Augie speaks of his adolescent years as if his "Mama" was barely there, and when she is she can barely see her children, the images of them growing dimmer with what sounds like macular degeneration. The only adult supervision comes in the form of Grandma Lausch, who plays more of a fatherly role than that of a mother. It may be this lack of feminine nurturing in his formative years that causes him to set his expectations of the stabilizing power of romantic love and whatever love is called after the romance wears off unrealistically high. Of course his expectation that finding a good woman will have a stabilizing effect on his pinball life is based on sheer wishful thinking as far as we can tell. Like so many people, once he realizes that the relationship is not going to give him what he thinks is missing in his life, he assumes kids will do the trick. Obviously it didn't quite do it for Bellow, who was still having kids in his 80s with wife #5 (God bless him!). And those of us who have been there know that having kids will only further stress a fractious relationship to the breaking point. Fortunately we don't witness our poor Augie going through such trauma.

Augie illustrates the Venus/Mars conundrum beautifully when he describes Stella's mea culpa regarding the Cumberland affair. The whole story drives Augie crazy with jealousy and bitterness over Stella's past involvements, but once she starts telling him what it was all about she can't stop and it just gets worse. Had Augie simply trusted her proclamations of love, regardless of the truth, he could have avoided allowing a seed to take root that might grow into a relationship-killer.

“'Who is this Cumberland?' I said. Just then Stella came down from the ladies’ lounge and I took her arm and hurried her out to a cab. We tore back to the apartment and I blew my top. 'I should have known there was something dishonest!' I yelled at her. 'Who is this Cumberland?'

'Augie! Don’t carry on,' she said, pale. 'I should have told you. But what difference does it make? It proves that I love you and didn’t want to lose you by telling you.'

'He was the one that gave you the coat?'

'Yes, darling. But I married you, not him.'

'And the car?'

'It was a present, honey. But, sweetheart, it’s you I love.' " (P. 525)

But we can't leave well enough alone, can we? The woman needs to talk it out, the man wants to solve the problem, resolve the issue. He is unwilling to admit that there is no resolution for that would be admitting defeat; that would be admitting that he can't solve the problem. Meanwhile the woman has no interest in resolution, because for her it's just a matter of getting it off her chest. The solution is in the talking, and Bellow illustrates this dynamic beautifully:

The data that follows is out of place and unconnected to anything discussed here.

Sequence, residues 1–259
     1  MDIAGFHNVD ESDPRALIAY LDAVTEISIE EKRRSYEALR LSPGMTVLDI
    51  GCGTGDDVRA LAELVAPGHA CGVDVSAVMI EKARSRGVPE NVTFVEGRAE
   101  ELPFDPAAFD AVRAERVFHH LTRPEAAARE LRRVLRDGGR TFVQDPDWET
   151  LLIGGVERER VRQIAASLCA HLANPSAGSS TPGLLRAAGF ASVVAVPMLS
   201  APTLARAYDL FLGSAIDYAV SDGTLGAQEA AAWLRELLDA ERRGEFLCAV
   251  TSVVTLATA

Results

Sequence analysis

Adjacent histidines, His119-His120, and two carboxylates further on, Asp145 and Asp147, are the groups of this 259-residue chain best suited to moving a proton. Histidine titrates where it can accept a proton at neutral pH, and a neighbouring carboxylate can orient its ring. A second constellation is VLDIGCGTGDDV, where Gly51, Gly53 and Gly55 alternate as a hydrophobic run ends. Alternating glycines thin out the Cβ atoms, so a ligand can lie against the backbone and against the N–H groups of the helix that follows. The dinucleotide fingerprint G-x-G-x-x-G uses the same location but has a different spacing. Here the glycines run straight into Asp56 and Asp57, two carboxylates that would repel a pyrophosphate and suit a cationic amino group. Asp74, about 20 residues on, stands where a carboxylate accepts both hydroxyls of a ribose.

"Okay, but why couldn’t she be satisfied that I loved her and stop this talk? ... I would meditate over all this and sit there feeling terrible. The very arms of the chair seemed about to stab me through the sides, and the playful flowery Bavarian bed and the knickknacks and stuffed orioles, and all were a drag on me. Was I going to be wrong again?" (P. 526)

Was I going to be wrong again? Is this perhaps the universal question of the eternally vexed married man?

Best American Essays with Saul Bellow

Nail, Hit on Head

Another thing that I found incredibly profound this time, now that I have spent several decades in search of a few clear thoughts, is Augie's apt description of his own internal newstalk radio, an observation he reaches when, observing his beautiful wife in a quiet moment, he notices that it's not really a quiet moment at all:

"I felt settled and easy, my chest free and my fingers comfortable and open. And now here’s the thing. It takes a time like this for you to find out how sore your heart has been, and, moreover, all the while you thought you were going around idle terribly hard work was taking place. Hard, hard work, excavation and digging, mining, moling through tunnels, heaving, pushing, moving rock, working, working, working, working, working, panting, hauling, hoisting. And none of this work is seen from the outside. It’s internally done. All by yourself! Where is everybody? Inside your breast and skin, the entire cast." (p. 523)